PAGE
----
• ICMP6_RtrAnn_NotMulticat – Router announcement should be a multicast request
  • ICMP6_RtrAnn_NewMac – Router announcement from an unknown MAC
  • ICMP6_MacIPChange – If the MAC <-> IP mapping changes
  • ICMP6_NbrAdv_NotRouter – Advertisement comes from non-router
  • ICMP6_NbrAdv_UnSolicit – Advertisement is not solicited
  • ICMP6_NbrAdv_OverRide – Advertisement without override
  • ICMP6_NbrAdv_NoRequest – Advertisement without known request

The second set of Zeek policies that have been developed in support for ZoMbis involves taking advantage of predictable management network behavioral patterns – we build policy to model anticipated behaviors and let us know if something is amiss. For example looking at DNS and NTP behavior we can identify unexpected hosts and data volumes, since we know which systems are supposed to be communicating with one another, and what patterns traffic between these components should follow.

Stay tuned for the part II of this blogpost, where I will discuss ways of using Sinkholing, together with ZoMbis, to provide better understanding and visibility of unwanted traffic upon the management network.

100G DTN Experiment: Testing Technologies for Next-Generation File Transfer

ESnet has recently completed an experiment testing high-performance, file-based data transfers using Data Transfer Nodes (DTNs) on the 100G ESnet Testbed. Within ESnet, new ways to provide optimized, on-demand data movement tools to our network users are being prototyped. One such potential new data movement tool is offered by Zettar, Inc. Zettar’s “zx” product integrates with several storage technologies with an API for automation. This ESnet data movement experiment allowed us to test the use of tools like zx on our network. 

Two 100Gbps capable DTNs were deployed on the ESnet Testbed for this work, each with 8 x NVMe SSDs for fast disk-to-disk transfers, and connected using an approximately 90ms round trip time network path.  As many readers are aware, this combination of fast storage and fast networking requires careful tuning from both a file I/O and network protocol standpoint to achieve expected end-to-end transfer rates, and this evaluation was no exception. With the help of a storage throughput baseline achieved using the freely available elbencho tool, a single tuning profile for zx was found that struck an impressive performance balance when moving a sweep of hyperscale data sets (>1TB total size or >1M total files or both, see figure below) between the testbed DTNs.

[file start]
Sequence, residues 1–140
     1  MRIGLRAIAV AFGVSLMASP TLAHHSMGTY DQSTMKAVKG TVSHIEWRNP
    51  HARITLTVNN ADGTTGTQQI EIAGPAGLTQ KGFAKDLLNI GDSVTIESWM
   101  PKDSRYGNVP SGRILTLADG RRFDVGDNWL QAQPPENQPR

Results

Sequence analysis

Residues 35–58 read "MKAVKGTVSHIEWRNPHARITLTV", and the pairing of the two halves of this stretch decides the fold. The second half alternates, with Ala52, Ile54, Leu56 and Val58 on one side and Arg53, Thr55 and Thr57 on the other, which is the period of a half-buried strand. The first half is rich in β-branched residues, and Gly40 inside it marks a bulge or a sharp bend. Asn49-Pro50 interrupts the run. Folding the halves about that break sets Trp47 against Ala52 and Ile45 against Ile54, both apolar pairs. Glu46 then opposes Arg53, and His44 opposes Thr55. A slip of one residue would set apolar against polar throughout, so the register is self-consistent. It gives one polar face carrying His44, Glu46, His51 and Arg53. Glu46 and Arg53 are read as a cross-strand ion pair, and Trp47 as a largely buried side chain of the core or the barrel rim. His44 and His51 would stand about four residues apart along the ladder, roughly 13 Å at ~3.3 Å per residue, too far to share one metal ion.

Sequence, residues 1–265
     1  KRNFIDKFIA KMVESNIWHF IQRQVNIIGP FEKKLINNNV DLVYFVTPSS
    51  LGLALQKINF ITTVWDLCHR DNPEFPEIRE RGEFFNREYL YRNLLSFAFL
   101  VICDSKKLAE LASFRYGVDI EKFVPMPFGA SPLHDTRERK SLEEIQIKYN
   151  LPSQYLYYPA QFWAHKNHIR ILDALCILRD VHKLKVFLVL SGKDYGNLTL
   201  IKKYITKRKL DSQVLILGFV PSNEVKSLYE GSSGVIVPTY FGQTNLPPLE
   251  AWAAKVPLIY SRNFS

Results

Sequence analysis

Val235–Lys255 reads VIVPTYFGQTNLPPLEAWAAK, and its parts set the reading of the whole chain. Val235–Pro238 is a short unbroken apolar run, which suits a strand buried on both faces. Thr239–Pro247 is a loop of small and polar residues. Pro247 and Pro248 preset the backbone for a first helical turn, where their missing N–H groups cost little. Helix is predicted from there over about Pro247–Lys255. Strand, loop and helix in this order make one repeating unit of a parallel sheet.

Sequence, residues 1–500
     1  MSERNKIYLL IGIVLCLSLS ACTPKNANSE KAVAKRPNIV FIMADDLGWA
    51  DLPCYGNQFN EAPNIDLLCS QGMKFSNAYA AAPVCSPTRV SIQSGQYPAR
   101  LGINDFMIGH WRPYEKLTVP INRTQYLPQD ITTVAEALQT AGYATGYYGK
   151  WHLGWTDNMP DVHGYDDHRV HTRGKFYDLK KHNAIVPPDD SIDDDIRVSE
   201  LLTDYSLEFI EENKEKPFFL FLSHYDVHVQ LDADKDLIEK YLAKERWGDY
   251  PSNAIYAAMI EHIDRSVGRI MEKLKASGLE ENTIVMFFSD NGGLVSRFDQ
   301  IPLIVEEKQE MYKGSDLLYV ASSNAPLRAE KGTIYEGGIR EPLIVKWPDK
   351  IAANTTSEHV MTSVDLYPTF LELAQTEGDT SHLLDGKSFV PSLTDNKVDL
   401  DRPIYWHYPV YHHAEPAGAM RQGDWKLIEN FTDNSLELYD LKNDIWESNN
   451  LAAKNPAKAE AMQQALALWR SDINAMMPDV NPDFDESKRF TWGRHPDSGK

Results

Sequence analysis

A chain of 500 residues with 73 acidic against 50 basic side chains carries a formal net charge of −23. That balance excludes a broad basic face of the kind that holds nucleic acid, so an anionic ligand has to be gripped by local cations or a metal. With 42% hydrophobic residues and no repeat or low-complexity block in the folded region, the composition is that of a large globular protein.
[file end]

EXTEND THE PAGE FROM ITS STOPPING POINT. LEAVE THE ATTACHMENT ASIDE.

A combined line chart with the measured storage throughput for each file size (blue line), together with both the Zettar zxtransfer data rates attained with a single run carried out by Zettar (orange line), and the average of five runs carried out by ESnet (green line)

To keep things interesting, the DTN software under evaluation was configured and launched within Docker containers to understand any performance and management impacts, and to establish a potential use case for more broadly deploying DTNs as-a-Service using containerization approaches. Spoiler: the testing was a great success! When configured appropriately, our evaluation has shown that modern container namespaces using performance-oriented Linux networking impart little to no impact on achievable storage and network performance at the 100Gbps scale while enabling a great deal of potential for distributed deployment of DTNs.  More critically, the problem of service orchestration and automation becomes the next great challenge when considering any large-scale deployment of dynamic data movement endpoints.

Our takeaways:

  • When properly provisioned and configured, a containerized environment has a high potential to provide an optimized, on-demand data movement service.
  • Data movers such as zx demonstrate that when modern TCP is used efficiently to move data at scale and speed, network latency becomes less of a factor – the same level of data rates are attainable over LAN, Metro, and WAN as long as packet loss rates can be effectively kept low
  • Finally, creating a holistic data movement solution demands integrated consideration of storage, computing, networking, and highly concurrent and intrinsically scale-out data mover software that incorporates a proper understanding of the variety in data movement scenarios.

For more information, a project report detailing the testing environment, performance comparisons, and best practices may be found here

40G Data Transfer Node (DTN) now Available for User Testing!

ESnet’s first 40 Gb/s public data transfer node (DTN) has been deployed and is now available for community testing. This new DTN is the first of a new generation of publicly available networking test units, provided by ESnet to the global research and engineering network community as part of promoting high-speed scientific data mobility. This 40G DTN will provide four times the speed of previous-generation DTN test units, as well as the opportunity to test a variety of network transfer tools and calibrated data sets.